Set against the backdrop of mile roads, neighborhood blocks, abandoned factories and lakes which make up Metro-Detroit, this story follows four young people as they search for love and adventure on the last night of summer. Maggie, Rob, Claudia and Scott cross paths as they explore the suburban wonderland chasing first kisses, elusive crushes, popularity and parties. They are looking for the iconic teenage experience, but instead they discover the quiet moments that will later become the part of their youth that they look back on with nostalgia. –Semaine de la Critique
Great cinematography, ho-hum screenplay. Silences between dialogues does not equal "poetic" or "cinematic". None of it was just really that interesting. Keep in mind, this is coming from a Terrence Malick fan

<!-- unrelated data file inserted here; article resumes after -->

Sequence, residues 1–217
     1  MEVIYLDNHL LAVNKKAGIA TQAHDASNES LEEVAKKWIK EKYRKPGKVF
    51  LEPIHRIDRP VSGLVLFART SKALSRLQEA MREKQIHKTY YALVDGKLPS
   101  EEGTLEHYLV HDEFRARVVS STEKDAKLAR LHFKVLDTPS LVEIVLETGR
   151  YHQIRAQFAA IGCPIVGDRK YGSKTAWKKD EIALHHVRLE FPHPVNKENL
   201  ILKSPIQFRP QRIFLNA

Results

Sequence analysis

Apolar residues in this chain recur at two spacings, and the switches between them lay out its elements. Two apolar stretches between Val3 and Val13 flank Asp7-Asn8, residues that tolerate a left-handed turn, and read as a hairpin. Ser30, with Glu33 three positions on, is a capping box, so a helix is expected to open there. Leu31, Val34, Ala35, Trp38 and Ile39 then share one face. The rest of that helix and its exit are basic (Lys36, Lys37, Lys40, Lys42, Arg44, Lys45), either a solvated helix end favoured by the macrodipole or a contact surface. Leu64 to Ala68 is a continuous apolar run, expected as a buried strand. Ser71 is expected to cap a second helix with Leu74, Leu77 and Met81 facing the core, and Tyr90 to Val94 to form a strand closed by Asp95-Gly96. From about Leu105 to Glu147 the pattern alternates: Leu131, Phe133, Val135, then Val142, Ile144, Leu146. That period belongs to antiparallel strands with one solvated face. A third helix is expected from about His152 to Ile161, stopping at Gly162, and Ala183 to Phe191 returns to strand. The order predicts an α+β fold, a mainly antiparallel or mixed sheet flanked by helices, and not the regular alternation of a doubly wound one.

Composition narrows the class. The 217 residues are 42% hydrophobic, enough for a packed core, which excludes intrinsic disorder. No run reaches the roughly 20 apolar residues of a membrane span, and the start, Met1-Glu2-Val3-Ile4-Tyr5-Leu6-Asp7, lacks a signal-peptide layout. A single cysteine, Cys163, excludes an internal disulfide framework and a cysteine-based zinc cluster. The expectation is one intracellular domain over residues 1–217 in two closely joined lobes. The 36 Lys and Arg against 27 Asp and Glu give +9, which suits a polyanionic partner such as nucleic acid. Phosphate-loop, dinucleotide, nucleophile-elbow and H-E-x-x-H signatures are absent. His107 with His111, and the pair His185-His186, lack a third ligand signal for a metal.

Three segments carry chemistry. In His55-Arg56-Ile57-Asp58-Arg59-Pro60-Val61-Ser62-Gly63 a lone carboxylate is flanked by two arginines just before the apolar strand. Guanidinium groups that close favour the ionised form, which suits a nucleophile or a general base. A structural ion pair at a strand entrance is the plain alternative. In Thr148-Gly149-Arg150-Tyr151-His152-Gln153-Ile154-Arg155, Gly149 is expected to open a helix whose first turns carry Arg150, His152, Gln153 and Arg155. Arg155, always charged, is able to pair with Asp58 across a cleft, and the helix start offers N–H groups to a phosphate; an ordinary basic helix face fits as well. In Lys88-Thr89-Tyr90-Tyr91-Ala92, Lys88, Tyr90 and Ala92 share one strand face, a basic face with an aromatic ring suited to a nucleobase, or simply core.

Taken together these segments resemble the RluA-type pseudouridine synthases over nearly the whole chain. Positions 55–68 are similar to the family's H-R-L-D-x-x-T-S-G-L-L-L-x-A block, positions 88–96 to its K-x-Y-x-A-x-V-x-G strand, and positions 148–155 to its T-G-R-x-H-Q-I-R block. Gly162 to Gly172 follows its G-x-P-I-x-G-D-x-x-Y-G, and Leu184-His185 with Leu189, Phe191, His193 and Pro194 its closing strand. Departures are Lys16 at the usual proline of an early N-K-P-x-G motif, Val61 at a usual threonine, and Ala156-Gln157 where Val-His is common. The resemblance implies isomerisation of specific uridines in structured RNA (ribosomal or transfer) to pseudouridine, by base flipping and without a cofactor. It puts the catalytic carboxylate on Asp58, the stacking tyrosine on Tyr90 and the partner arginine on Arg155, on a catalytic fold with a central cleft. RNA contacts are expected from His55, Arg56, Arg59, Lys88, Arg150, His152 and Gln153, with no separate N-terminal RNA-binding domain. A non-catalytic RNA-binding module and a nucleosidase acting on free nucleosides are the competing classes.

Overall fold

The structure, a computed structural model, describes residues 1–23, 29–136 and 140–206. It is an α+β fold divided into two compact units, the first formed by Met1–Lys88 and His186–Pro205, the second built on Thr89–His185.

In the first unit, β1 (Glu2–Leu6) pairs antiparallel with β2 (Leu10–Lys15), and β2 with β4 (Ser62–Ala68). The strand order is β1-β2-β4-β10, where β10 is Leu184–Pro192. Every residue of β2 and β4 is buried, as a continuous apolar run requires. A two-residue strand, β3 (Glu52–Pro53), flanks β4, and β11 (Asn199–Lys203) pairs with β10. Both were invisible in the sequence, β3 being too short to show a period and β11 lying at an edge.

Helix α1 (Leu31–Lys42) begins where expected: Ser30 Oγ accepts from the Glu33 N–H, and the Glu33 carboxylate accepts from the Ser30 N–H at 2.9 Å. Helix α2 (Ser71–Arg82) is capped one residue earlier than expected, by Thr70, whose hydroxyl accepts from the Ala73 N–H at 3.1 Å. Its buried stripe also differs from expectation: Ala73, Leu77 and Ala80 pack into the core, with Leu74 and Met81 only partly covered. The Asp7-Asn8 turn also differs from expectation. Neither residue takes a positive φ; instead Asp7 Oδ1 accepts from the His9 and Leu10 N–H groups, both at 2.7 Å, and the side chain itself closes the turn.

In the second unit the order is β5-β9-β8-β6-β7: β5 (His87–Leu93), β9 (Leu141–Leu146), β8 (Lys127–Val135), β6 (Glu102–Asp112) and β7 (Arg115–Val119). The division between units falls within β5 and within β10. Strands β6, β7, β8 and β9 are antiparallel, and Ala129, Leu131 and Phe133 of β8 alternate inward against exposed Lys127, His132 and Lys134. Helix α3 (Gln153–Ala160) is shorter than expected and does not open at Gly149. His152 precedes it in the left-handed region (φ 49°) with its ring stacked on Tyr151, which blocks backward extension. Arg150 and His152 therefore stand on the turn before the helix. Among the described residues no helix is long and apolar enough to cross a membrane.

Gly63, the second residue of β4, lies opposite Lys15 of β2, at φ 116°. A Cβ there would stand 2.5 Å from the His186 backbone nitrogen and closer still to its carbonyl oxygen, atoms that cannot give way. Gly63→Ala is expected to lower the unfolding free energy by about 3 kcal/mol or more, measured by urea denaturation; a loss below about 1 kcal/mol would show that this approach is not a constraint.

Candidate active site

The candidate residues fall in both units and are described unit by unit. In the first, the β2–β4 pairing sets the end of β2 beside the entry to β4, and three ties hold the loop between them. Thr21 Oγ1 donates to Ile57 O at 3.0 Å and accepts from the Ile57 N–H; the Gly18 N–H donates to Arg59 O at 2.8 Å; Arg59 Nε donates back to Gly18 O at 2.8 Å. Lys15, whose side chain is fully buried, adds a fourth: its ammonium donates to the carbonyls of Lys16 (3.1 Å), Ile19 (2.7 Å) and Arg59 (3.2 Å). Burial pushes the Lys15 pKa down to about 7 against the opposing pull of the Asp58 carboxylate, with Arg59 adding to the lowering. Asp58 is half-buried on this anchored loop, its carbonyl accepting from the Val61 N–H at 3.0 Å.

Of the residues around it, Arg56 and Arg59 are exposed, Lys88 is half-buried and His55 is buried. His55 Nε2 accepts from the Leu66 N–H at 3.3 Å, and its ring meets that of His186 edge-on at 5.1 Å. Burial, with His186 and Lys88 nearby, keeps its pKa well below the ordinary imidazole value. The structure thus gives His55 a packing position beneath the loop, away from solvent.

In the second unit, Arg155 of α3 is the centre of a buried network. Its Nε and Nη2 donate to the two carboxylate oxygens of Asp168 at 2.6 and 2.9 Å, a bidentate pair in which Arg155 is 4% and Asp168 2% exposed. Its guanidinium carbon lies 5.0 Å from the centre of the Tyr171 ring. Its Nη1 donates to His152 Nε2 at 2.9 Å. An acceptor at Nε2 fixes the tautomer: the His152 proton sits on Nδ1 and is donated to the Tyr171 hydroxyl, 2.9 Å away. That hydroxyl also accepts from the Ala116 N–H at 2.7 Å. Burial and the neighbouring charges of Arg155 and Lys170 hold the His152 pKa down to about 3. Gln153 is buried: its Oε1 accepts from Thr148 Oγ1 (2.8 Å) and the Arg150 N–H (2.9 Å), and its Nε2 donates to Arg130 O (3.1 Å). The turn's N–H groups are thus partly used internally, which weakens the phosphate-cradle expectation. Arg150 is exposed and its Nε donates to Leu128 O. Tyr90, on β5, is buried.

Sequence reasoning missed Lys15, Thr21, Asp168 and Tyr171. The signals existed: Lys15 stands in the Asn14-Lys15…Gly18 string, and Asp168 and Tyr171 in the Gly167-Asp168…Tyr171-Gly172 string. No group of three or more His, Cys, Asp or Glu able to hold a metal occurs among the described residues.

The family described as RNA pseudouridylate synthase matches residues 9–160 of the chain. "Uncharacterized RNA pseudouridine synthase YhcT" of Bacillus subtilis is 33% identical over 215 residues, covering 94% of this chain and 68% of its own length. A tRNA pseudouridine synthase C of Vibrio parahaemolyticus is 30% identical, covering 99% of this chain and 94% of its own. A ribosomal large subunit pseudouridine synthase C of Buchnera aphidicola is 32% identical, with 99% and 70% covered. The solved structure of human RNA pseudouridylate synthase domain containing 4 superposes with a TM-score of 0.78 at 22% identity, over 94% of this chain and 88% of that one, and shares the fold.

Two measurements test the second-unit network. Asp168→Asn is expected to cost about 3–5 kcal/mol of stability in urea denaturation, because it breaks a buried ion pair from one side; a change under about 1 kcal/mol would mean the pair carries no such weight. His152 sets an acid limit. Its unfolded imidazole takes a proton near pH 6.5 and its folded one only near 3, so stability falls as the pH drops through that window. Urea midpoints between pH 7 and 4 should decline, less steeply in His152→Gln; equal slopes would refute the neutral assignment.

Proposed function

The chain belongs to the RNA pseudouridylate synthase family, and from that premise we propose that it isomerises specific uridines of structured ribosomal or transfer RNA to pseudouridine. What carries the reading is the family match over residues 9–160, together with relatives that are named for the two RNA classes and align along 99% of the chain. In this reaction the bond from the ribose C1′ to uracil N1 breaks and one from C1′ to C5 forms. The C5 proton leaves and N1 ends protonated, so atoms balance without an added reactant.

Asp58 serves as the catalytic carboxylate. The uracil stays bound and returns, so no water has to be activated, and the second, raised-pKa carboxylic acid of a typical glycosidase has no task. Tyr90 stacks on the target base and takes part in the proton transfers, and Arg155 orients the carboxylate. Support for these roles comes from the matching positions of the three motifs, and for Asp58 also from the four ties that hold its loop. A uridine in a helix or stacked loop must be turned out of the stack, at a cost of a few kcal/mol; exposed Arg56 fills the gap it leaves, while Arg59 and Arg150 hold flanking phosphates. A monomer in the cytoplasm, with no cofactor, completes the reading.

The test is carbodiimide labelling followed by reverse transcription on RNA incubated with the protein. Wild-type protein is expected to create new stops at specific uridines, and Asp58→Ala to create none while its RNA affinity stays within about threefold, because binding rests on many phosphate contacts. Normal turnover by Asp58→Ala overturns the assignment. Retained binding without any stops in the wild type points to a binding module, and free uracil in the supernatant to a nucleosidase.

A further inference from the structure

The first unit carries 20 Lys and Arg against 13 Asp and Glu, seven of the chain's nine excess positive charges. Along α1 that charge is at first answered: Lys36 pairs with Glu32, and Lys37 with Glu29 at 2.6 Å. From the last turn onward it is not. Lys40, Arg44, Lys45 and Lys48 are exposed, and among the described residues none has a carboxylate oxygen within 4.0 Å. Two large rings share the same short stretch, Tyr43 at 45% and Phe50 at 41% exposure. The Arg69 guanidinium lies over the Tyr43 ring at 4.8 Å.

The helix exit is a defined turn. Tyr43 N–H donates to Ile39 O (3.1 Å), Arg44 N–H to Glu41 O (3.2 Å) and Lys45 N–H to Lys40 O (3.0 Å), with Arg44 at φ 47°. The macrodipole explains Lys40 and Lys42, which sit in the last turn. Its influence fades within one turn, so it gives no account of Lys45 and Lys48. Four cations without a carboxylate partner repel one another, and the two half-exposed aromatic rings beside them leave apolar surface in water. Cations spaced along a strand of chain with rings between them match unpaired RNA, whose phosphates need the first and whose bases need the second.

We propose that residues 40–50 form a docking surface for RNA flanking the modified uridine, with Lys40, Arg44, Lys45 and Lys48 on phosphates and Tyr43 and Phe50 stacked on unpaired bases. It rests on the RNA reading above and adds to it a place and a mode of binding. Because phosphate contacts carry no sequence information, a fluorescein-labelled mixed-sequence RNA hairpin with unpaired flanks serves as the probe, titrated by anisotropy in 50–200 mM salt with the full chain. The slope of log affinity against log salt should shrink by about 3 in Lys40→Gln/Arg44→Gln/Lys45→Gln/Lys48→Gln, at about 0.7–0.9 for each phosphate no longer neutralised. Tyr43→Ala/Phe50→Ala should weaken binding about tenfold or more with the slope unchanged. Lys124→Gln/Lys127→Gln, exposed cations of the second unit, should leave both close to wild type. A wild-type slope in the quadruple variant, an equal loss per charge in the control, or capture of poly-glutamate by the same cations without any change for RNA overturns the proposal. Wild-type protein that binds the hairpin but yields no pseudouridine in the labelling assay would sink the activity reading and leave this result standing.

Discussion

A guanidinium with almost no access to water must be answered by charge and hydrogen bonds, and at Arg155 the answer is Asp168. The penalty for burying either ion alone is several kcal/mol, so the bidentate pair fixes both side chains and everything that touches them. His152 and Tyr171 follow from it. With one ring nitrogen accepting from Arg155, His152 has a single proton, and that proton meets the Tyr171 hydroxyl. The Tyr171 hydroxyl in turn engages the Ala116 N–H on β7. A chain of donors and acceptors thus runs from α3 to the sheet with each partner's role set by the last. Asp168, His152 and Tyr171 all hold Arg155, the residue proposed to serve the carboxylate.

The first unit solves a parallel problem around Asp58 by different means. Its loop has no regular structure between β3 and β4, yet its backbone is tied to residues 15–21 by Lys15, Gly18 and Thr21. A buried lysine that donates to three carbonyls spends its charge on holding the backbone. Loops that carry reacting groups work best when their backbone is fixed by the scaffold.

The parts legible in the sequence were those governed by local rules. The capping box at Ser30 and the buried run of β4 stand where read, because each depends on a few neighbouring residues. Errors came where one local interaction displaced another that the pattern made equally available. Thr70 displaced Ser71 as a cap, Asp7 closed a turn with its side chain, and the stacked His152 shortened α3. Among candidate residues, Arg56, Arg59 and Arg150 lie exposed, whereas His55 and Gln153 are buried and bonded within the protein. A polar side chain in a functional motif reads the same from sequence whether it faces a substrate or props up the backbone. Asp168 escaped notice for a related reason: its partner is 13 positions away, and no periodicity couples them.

I kept thinking what a lovely contrast this was to film's like Larry Clark's Kids. There is an innocence about it that I found charming, and it was refreshing to watch a film about young adults where I felt like milk, cookies, and a hug would suit them just as well as the beer, vodka, weed, and endless longing.
Critics' Week has already begun celebrating its 50th anniversary by posting 50 video interviews with directors and actors who've seen their
Michel Leclerc's Le Nom des gens (The Name of Loves) will open this year's Semaine de la Critique, the Critics' Week. Sara Forestier plays